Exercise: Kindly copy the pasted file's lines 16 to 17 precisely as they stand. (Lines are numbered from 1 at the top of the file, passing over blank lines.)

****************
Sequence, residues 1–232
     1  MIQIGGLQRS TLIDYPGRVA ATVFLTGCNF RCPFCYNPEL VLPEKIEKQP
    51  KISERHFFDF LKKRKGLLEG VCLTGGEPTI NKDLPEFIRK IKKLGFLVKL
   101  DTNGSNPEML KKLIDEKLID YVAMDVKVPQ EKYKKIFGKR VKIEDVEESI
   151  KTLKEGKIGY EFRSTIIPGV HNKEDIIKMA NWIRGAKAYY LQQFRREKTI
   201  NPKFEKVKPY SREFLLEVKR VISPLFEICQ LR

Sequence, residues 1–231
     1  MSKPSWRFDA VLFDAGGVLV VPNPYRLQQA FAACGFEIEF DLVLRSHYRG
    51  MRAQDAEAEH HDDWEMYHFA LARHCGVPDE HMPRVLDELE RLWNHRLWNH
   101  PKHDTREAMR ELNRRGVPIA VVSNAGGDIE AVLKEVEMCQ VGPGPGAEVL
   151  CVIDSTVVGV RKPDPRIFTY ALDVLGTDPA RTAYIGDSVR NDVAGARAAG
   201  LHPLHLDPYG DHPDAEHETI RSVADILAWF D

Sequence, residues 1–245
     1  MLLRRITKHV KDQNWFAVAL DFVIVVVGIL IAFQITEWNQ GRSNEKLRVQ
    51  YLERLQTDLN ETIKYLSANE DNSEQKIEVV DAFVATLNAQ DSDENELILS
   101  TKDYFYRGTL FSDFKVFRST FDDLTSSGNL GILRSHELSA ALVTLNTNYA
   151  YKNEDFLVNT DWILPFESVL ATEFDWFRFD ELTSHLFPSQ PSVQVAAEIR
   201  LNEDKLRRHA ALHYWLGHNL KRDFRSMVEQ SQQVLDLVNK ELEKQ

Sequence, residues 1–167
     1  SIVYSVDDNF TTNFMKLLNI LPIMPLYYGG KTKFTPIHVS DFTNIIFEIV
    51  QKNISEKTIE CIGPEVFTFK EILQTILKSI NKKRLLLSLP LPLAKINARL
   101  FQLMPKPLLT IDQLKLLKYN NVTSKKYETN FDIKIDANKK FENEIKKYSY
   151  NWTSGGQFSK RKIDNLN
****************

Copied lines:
   101  TKDYFYRGTL FSDFKVFRST FDDLTSSGNL GILRSHELSA ALVTLNTNYA
   151  YKNEDFLVNT DWILPFESVL ATEFDWFRFD ELTSHLFPSQ PSVQVAAEIR